This was a favorable development, thought Wolferein. Frankfurt was arriving quite a bit early. Captain von Heinz also was impressed. What methods had this man Vogel employed? He looked the new officer over carefully, with a small smile. Theodor, however, wondered why Ehrhart, who'd been so proud to have been awarded the force commander post, would have allowed himself to become so tardy over the arrival of one light cruiser, no matter how unexpected it had been.

"His ship," continued Ehrhart almost serenely, "was attacked by a submarine in the Bight, and he has some interesting things to tell us."

Well! This was another matter entirely!

Vogel had obviously told his tale before, but certainly not to an audience such as this. When he related the British captain's remarks about von der Tann and Moltke obviously being missing, and so presumably sunk, there were many sharp looks.

Letters considered the situation briefly, then turned to his aide. "See that Captain Vogel's prisoners," Letters instructed, "are held somewhere where they do not have the chance to talk to anyone else for a few weeks."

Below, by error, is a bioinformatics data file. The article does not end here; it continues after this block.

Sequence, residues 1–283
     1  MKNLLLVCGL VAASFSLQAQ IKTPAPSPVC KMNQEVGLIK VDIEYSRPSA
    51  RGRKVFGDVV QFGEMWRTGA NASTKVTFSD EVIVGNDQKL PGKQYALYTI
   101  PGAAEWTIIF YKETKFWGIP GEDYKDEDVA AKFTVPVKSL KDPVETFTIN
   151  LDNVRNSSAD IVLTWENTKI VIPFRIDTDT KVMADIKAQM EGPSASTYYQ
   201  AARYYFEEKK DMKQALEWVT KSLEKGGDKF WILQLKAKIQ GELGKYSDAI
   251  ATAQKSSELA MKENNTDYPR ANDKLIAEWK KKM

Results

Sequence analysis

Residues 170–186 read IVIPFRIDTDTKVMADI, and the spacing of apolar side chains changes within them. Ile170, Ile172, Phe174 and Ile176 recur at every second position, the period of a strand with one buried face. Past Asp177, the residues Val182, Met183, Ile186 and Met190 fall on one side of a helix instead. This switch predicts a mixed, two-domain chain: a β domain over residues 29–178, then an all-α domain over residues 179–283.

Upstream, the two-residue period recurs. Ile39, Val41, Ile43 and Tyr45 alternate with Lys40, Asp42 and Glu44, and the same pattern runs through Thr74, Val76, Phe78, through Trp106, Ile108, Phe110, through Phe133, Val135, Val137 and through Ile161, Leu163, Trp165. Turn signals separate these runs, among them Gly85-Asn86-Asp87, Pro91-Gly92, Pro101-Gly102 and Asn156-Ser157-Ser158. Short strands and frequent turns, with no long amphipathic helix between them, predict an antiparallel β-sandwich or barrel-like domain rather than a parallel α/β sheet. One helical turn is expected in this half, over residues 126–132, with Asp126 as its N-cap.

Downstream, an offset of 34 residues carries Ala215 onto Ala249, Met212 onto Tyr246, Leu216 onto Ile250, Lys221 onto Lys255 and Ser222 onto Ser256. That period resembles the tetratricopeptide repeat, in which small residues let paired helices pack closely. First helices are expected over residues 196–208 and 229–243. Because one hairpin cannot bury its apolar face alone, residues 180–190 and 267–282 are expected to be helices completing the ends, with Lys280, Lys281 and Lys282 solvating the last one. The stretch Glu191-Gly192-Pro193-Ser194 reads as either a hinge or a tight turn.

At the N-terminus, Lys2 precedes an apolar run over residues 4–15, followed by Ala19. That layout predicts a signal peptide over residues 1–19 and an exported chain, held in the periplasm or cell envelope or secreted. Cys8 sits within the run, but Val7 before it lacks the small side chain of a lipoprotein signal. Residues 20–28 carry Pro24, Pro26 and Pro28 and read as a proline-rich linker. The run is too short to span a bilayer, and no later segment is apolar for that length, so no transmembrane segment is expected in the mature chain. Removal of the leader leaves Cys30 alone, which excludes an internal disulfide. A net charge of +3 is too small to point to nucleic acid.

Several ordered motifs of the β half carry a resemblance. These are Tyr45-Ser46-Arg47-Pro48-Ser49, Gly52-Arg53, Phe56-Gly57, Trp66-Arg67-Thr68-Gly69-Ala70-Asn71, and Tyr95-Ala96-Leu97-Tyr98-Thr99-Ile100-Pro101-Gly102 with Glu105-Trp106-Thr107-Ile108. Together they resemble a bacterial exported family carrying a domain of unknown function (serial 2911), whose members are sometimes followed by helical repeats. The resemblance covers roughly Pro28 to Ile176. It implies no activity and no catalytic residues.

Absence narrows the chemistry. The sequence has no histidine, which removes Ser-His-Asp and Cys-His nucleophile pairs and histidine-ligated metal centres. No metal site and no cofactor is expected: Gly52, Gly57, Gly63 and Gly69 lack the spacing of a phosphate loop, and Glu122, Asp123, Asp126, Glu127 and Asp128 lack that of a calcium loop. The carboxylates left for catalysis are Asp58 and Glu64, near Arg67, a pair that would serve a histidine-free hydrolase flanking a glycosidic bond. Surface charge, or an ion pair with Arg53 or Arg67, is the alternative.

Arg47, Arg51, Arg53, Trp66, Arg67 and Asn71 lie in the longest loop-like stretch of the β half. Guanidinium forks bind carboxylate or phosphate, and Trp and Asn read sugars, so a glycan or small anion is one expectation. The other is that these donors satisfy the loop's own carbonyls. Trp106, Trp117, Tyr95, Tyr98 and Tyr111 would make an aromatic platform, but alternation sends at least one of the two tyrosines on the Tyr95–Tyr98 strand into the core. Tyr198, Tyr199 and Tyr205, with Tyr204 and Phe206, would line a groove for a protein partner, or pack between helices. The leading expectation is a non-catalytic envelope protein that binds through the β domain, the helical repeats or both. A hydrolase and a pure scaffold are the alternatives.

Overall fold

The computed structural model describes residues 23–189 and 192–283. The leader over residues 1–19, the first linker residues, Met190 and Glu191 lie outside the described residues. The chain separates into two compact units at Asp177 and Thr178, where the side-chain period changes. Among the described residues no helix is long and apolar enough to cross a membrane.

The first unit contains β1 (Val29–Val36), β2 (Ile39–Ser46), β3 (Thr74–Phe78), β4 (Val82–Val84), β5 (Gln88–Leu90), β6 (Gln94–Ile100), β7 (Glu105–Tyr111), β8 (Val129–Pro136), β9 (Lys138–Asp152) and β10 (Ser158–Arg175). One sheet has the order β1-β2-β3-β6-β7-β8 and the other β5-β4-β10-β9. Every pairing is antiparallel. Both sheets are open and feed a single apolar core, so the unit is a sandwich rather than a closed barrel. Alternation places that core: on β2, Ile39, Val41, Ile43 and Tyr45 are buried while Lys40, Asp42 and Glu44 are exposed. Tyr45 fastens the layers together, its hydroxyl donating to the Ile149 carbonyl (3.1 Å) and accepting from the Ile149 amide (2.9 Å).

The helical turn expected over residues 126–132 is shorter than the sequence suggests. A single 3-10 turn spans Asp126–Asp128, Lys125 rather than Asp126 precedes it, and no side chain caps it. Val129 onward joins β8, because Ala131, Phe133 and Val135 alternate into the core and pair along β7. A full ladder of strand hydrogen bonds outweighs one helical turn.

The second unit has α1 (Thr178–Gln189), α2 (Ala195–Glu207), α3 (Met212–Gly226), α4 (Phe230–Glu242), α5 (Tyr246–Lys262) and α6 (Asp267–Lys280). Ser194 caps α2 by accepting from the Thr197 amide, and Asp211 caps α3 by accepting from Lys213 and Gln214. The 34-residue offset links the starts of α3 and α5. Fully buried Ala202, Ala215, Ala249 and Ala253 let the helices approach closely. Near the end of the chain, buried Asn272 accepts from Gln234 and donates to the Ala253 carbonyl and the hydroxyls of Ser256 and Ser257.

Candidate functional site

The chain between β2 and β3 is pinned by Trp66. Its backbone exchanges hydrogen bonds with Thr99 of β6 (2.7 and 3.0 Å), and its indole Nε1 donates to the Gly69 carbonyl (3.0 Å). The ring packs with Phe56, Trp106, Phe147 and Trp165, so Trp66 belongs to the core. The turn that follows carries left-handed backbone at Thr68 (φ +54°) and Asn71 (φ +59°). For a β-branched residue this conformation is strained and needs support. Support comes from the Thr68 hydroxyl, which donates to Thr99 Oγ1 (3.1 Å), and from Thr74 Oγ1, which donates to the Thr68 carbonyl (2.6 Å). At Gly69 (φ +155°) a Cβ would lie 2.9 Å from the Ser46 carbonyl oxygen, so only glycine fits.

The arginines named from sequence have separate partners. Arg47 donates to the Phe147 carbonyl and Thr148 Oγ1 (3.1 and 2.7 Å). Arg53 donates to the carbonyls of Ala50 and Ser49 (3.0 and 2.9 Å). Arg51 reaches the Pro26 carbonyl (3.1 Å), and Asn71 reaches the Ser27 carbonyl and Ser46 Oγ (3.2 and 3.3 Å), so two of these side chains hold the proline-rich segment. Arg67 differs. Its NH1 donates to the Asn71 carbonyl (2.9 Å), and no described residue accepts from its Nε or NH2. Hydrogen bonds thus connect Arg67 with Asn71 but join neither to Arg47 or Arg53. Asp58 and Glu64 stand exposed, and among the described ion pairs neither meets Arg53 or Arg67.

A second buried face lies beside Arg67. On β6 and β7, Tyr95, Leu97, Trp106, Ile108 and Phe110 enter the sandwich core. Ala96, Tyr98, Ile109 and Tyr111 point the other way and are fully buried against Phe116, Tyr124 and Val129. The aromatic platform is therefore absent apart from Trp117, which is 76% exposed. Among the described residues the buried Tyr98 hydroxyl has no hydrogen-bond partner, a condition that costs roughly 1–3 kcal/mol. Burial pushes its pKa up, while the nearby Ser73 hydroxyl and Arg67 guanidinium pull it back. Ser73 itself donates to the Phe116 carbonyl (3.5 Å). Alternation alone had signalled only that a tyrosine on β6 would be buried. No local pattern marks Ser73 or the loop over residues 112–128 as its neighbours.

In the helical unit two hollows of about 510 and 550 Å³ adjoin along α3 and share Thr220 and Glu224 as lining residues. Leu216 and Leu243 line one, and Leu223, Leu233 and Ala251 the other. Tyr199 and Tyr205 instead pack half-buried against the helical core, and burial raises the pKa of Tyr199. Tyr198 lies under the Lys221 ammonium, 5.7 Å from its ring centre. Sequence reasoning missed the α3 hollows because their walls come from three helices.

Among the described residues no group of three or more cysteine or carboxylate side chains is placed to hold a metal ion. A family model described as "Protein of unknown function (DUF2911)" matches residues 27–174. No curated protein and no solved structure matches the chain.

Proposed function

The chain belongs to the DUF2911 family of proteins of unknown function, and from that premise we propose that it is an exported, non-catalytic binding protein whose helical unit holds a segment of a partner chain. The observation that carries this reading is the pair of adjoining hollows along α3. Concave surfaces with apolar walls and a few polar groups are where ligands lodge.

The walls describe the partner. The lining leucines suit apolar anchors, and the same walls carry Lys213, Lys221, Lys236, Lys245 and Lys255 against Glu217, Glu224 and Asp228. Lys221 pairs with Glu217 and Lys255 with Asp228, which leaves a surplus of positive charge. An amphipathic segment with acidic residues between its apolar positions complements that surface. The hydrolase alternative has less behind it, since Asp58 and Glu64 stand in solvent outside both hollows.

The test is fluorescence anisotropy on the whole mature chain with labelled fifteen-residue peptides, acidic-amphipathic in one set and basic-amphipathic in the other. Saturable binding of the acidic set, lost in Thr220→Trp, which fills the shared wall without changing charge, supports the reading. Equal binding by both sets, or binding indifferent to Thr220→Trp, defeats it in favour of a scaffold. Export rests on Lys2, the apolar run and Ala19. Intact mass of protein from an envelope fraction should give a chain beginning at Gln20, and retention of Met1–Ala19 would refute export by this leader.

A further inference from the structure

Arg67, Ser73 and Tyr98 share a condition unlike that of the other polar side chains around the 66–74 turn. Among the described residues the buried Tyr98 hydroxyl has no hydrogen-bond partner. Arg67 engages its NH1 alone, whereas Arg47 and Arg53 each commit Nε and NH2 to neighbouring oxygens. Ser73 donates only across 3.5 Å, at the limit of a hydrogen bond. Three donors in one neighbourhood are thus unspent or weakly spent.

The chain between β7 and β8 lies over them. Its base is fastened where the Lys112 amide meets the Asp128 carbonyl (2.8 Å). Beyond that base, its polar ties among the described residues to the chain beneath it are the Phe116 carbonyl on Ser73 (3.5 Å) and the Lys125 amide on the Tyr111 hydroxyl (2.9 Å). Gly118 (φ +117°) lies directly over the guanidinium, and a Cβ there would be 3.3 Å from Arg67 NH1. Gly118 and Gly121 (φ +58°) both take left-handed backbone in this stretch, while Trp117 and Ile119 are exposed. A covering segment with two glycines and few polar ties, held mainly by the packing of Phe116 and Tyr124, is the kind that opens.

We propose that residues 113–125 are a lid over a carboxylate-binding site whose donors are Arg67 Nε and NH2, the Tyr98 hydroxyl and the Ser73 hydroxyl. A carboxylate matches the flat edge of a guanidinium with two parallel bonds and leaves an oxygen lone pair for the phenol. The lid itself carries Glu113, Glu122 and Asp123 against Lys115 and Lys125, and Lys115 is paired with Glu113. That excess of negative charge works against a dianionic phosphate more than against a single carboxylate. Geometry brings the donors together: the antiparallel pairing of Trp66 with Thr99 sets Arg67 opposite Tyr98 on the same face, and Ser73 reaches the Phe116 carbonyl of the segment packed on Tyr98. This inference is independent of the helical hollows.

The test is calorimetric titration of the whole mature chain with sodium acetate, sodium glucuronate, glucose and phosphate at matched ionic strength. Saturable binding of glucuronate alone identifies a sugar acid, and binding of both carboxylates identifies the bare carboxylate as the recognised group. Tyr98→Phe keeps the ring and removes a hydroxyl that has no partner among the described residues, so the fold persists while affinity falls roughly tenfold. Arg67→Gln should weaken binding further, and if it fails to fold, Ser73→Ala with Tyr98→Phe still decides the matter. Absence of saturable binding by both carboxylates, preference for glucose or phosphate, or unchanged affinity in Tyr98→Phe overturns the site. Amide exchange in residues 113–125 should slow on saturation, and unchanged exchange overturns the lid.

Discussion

The Baron regarded Vogel for a long moment. Theodor could almost hear some of the thoughts going on in the Vice-Admiral's mind. A new cruiser, recently fitted out, presumably in builder-fresh material condition ....

"Well, Vogel, since you are here, join us," Letters said, gesturing to the chart-laden table. "We are discussing the operation in hand.

"A fresh pair of eyes may provide some useful insights," Letters added.

--- 10:55 PM, New York, on the HAPAG Terminal pier

The Germans had remained noncommittal during their return trip in their host's "Locomobile 48." Now, walking up the pier and back within the guarded perimeter, they began to discuss the evening events.

"What was that you asked Ryan," inquired von Hoban, "there at the end?"

"The building he tore down," confessed Lionel. "If it'd been in bad shape, or ...."

"And what did he say?"

"He said it'd been just 10 years old and in fine condition." The young officer's voice was troubled.

"He said a lot more than that," Siegmund observed. "He went on for at several minutes with you. The interpreter could hardly keep up."

"Yes, that is true," the young lieutenant admitted, and related it as best he could.

"Son," Ryan had said after looking Lionel right in the eye for a long moment, the interpreter had interpreted it as "young man," but Lionel knew what he had heard.